Review: Einstein The Tube Linestage Tube preamp

Category: Preamps

Just added the Einstein "the Tube" preamp to my system, purchased from Jim Meine @ Epic Audio in Houston TX (great dealer). Perhaps I'm not the guy to be writing a review of a reference preamp; it met my requirements of being a fully-balanced, tube linestage (no phono) w/ full function remote; tubes are 6922s (18 of em, but only 10 in operation at a time) and one 12au7, so no worries about tubes being out of production or too expensive. While i'd have preferred not to have the Class A bias that the preamp operates in, i didn't think it would matter too much (more on this below). My pool of candidates was thus limited by my requirements, and truth be told i never auditioned others in my system. i was previously using a overachieving sub-$1k audio mirror linestage (which got much better w/ select mods), but it just doesn't compare to the einstein. But perhaps that says that once you "hear" something like the Einstein, you gather you don't need to look any further. That's why its expensive. It does what it should do, and it does it so well that you can conclude your preamp search if you're like me.

let me explain: i've 2 philosophies on system building. Number 1) get dynamics right, and Number 2) in the long run, you're better off saving up and buying the best thing you can rather than hopping on the endless upgrade train. Now, #1 is really a lesson i learned from our dearly departed Bob Crump (RIP), but he's quite right: notice how footers, cables, shelves, etc etc all change tone & staging? now, how can you make a weak-willed system more dynamic? the answer is that you cannot. sure, you might make minor improvements by going from soft footers (less dynamic) to hard, but you cannot turn a cow's ear into a silk purse. and as mikey fremer rightly pointed out, you likely need a lot more power to recreate lifelike dynamics than you think---thus my purchases of 500wpc monoblocks and WP6s (excellent dynamics for monkey coffins). Insofar as #2 goes, if you're a committed audiophile, as i am, its just foolish to buy / sell / buy / sell when you're making small improvements. you'd be better off just going whole hog & getting what you need to get you to the end of the road, rather than nickel & diming yourself for years.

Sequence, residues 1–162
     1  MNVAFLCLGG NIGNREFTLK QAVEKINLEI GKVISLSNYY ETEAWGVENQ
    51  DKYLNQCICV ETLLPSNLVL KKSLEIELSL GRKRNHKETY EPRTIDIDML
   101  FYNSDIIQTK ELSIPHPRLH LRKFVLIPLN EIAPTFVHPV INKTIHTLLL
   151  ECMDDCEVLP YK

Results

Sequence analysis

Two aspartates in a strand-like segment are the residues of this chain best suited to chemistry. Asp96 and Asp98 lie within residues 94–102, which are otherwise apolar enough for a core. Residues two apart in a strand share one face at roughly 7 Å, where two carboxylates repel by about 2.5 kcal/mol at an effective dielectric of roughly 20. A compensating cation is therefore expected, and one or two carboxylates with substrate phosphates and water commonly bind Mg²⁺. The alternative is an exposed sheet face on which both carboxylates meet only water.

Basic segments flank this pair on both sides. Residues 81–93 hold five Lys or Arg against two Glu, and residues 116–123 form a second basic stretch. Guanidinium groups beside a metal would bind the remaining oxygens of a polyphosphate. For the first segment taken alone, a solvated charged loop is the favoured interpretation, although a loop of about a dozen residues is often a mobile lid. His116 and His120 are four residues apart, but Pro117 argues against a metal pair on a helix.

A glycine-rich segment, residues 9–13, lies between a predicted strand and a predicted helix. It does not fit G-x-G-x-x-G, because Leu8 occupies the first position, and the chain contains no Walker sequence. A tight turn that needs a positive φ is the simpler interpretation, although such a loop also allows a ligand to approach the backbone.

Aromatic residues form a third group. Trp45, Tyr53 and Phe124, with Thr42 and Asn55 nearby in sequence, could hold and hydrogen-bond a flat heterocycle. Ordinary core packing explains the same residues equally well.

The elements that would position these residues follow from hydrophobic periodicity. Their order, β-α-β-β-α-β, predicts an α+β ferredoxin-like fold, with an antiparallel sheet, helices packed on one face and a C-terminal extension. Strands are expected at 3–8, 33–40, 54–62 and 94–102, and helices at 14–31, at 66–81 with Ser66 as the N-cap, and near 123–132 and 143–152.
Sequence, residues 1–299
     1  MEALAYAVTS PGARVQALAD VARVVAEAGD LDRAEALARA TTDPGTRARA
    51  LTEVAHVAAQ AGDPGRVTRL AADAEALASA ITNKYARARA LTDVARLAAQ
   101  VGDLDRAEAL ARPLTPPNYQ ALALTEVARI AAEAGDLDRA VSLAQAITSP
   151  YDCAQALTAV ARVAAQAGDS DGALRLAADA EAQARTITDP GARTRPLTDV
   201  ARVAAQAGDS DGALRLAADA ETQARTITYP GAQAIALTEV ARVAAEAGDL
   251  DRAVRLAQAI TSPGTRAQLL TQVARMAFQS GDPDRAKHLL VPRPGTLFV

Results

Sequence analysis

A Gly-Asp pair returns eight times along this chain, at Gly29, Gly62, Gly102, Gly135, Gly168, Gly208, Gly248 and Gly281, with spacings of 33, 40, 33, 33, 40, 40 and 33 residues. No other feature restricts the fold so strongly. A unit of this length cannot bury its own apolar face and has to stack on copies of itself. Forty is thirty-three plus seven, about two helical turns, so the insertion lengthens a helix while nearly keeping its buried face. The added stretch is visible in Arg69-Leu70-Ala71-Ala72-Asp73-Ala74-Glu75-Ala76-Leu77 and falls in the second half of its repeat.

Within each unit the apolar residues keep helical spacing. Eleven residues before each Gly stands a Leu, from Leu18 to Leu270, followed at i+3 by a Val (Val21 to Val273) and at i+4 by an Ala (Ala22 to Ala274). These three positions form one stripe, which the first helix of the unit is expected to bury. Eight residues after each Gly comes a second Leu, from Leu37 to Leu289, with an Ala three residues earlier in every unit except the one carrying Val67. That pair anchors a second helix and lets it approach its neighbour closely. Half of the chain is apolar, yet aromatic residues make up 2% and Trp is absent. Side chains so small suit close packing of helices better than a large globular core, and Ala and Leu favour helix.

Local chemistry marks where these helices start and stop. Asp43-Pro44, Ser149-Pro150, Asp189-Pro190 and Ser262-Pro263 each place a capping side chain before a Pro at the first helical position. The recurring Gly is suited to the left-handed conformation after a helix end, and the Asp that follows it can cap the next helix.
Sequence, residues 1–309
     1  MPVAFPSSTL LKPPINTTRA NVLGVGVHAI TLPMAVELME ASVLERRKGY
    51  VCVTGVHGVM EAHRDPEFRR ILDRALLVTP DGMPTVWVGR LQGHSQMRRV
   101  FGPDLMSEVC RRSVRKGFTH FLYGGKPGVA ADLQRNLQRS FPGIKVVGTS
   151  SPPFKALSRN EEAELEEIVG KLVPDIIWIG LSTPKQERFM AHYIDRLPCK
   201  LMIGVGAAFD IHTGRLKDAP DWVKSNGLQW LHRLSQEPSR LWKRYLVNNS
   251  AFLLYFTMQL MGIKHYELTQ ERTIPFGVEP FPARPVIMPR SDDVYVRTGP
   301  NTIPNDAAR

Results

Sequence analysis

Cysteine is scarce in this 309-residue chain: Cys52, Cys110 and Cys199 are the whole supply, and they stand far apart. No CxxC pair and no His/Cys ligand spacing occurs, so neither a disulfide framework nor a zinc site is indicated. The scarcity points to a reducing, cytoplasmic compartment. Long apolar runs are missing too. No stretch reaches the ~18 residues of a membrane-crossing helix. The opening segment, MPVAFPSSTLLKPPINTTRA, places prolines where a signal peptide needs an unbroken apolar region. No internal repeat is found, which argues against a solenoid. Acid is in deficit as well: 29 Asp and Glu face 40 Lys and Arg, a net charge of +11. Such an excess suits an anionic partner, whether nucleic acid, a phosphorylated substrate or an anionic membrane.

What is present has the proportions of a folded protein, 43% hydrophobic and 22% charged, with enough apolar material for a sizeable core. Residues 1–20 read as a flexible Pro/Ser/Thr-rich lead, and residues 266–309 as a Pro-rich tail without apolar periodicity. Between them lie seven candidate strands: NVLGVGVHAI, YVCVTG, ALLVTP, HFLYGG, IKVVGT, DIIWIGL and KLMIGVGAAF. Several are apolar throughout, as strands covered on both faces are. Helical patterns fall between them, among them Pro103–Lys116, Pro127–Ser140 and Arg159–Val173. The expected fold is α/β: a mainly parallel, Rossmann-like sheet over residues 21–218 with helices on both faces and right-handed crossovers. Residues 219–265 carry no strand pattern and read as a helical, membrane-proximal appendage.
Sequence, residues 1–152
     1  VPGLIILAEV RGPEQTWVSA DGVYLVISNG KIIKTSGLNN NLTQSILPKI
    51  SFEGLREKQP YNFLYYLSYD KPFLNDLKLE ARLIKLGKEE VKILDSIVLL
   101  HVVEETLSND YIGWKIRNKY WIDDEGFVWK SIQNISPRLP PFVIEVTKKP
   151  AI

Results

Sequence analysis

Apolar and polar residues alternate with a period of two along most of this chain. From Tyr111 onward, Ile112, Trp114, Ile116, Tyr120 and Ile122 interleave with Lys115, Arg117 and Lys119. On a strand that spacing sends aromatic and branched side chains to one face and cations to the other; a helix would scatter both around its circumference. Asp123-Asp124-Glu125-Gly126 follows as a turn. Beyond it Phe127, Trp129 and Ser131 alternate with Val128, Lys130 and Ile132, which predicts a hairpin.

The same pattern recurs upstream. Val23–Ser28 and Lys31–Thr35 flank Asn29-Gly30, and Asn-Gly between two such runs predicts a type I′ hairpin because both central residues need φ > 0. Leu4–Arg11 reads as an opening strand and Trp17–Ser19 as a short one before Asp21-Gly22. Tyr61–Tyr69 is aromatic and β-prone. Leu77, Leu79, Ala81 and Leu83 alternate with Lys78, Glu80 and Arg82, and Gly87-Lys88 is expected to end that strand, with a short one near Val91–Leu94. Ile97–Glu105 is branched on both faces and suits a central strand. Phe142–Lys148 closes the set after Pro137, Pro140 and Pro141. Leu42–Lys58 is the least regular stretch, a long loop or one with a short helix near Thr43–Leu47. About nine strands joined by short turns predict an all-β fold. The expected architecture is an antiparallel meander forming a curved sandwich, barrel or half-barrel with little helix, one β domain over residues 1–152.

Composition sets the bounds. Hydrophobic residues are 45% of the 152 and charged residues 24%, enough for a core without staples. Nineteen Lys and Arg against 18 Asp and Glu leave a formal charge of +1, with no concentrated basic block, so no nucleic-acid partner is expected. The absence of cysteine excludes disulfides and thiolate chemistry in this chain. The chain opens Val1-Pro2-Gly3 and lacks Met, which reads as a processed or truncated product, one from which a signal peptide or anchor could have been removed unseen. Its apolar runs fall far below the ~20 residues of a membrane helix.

back to the review. I've heard the einstein in multiple systems, and invariably the unit displayed the same characteristics that I see now that its in my rig: an incredible sense of dynamics / transient snap and an uncanny neutrality. Let me get right to it: IME audiophiles fight a mostly losing battle in terms of the ultimate goal of creating the perfect illusion of a live performance in the home because of 2 mistakes: inadequate dynamic expression and systems that are too bright (think "digital" on both counts). well, the einstein tube is easily the most dynamic component i've ever owned, taxing the dynamic capacities of the mcintosh 501s and the WP6s like i never thought possible. now, digital normally has dynamics severely compressed as a failure of most engineers, but every now & then you can find a well engineered CD (decemberists:"picaresque") that have the snap & transient pop-to-stop that live music has. well, the einstein will ensure that you get it in your house, and that dear reader is the toughest trick in audio. if you don't have lifelike dynamics in your system after its insertion, the problem is elsewhere (me, i lose a bit in my CD Player, and a lot in my software. wish i never sold my records). i think about dynamics like i think about surfing: sometimes you get good wave after good wave and they all push you in pretty good..pretty thrilling. that's why i surf. but then a REAL GOOD WAVE just plows behind you and rattles your cage and gets your chest heaving and you know you've just had your day made for you, and that you wish every wave were just like that. well, the force and drive behind that real good wave is like the einstein in your system. or, to use another analogy, think of a preamp as a conduit for water (music) to flow from upstream to downstream; whereas most preamps are like faucets, the einstein is like niagra just throws you giddy with its incredible force, reestablishes what you should expect, and accomplished it all in a completely natural manner. in a nutshell, recorded music takes on the visceral characteristic that live music has, whether it be the pulsation of a kick drum, the sharp attack of a plucked string, or the "action" (per J. Valin) that instruments take as they project outwards. casual listening is virtually impossible with the einstein in the rig; music is now the main & only event, much as at a live performance. in this regard, a paramount concern for me, the einstein is simply beyond reproach.